This is a bit convoluted, but stick with me...
We've got a fairly involved code generation process that builds C# classes from XSDs, which is all well and good. The code generations uses some utility classes to help with reading the schema files, and those have unit tests, which is cool. The code generation happens as part of our regular build, so if I screw up the CodeSmith tempate such that the code generation fails, I'll know about it at build time. If I screw up the CodeSmith template such that the code generation succeeds, but the results don't compile, I'll also find out about that at build time.
However, since the whole build/codegen process takes a while, it's not the kind of thing you want to run all the time after every change (as is the XP way). So, how do I unit test the generated classes? I think I have a workable solution, but it took some thinking about.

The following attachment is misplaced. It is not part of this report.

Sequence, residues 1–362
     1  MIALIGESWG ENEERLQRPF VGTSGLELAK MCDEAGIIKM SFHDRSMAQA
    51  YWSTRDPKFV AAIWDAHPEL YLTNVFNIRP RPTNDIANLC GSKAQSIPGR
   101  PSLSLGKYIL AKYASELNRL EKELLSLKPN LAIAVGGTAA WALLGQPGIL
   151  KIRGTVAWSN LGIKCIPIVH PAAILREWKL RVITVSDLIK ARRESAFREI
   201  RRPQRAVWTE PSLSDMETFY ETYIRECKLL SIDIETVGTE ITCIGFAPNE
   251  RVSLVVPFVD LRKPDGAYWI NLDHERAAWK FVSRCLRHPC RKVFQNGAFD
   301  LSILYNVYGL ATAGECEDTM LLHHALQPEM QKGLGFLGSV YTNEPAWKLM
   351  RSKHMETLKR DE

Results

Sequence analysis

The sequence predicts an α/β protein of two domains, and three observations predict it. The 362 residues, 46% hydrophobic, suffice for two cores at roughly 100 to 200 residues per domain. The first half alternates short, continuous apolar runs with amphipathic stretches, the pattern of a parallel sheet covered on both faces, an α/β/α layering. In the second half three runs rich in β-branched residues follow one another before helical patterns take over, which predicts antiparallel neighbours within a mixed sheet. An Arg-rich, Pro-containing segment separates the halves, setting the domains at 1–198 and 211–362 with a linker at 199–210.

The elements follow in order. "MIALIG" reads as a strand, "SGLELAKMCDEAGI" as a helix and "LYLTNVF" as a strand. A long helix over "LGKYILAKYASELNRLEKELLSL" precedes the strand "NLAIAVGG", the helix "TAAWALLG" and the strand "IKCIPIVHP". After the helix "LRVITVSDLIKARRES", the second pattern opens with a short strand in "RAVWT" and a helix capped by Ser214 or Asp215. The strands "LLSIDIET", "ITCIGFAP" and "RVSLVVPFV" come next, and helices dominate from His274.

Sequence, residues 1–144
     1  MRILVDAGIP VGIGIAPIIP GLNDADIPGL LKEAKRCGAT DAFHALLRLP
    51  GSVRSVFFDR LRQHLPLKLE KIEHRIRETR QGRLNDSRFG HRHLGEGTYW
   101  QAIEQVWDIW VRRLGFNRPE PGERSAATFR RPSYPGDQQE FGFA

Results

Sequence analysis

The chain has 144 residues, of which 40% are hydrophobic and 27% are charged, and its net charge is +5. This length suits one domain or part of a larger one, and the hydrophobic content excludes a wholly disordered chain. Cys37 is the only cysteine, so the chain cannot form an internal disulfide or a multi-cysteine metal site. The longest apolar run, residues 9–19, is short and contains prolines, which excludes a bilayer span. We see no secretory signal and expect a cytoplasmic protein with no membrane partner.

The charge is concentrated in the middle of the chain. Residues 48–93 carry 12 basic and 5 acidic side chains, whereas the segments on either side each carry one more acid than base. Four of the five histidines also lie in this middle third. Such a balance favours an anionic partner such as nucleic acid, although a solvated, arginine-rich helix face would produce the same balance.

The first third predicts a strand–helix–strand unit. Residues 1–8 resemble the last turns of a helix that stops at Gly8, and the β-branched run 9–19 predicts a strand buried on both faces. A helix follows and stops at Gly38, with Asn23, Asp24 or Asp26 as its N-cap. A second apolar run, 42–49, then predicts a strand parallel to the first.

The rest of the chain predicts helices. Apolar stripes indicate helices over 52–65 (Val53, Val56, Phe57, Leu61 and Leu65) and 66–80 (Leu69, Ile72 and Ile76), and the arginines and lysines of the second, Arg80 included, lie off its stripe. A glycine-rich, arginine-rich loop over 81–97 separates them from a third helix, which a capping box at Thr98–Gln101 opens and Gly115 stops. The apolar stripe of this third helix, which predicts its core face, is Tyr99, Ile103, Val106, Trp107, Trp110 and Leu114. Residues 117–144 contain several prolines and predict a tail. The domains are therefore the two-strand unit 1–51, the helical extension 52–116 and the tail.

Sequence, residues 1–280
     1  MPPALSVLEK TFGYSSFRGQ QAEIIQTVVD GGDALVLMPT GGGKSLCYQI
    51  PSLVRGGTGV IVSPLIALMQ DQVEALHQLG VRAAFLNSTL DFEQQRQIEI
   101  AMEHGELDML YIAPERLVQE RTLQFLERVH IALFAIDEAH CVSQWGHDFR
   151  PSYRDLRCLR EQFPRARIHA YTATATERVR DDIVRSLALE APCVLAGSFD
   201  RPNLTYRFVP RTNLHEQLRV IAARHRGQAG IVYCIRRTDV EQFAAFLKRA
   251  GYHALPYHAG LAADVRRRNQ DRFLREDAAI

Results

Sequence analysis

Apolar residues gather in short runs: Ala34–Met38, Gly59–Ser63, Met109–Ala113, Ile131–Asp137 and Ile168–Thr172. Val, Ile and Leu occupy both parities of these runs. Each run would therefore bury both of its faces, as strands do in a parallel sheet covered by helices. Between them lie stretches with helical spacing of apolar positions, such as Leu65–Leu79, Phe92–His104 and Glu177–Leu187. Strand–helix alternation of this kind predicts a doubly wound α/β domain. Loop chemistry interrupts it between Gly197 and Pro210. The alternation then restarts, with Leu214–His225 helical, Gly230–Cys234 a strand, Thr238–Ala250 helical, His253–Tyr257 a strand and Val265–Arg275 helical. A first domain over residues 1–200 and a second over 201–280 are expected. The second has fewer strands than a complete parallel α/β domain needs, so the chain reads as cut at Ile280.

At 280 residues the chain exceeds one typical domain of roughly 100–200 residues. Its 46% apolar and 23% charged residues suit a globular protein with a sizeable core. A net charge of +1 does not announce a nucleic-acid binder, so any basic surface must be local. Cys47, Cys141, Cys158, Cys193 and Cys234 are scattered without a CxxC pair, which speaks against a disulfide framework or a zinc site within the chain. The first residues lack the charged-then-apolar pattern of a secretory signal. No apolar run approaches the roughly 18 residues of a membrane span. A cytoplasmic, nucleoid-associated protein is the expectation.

I ended up writing a set of unit tests (using NUnit) that run the code generation process on a known schema. The resulting C# file is then compiled using the CodeDom, then I can test the resulting class itself. As a happy side benefit, I'll know if the CodeSmith template runs, and if the resulting C# compiles without having to run the whole build process. Pretty cool.
An interesting side note: one of the things we do with our generated classes is serialize them as XML using the XmlSerializer. I discovered during this process that if you generate an assembly with the CodeDom, you can't use the XmlSerializer on the resulting classes unless you write the assembly to disk. I was using an in-memory only assembly, and the XmlSerializer gave me a very helpful exception stating that the assembly must be written to disk, which was easy enough to do. I'm assuming that this is because the XmlSerialzer itself is going to generate another dymanic assembly, and it needs something to set it's reference to. Interesting.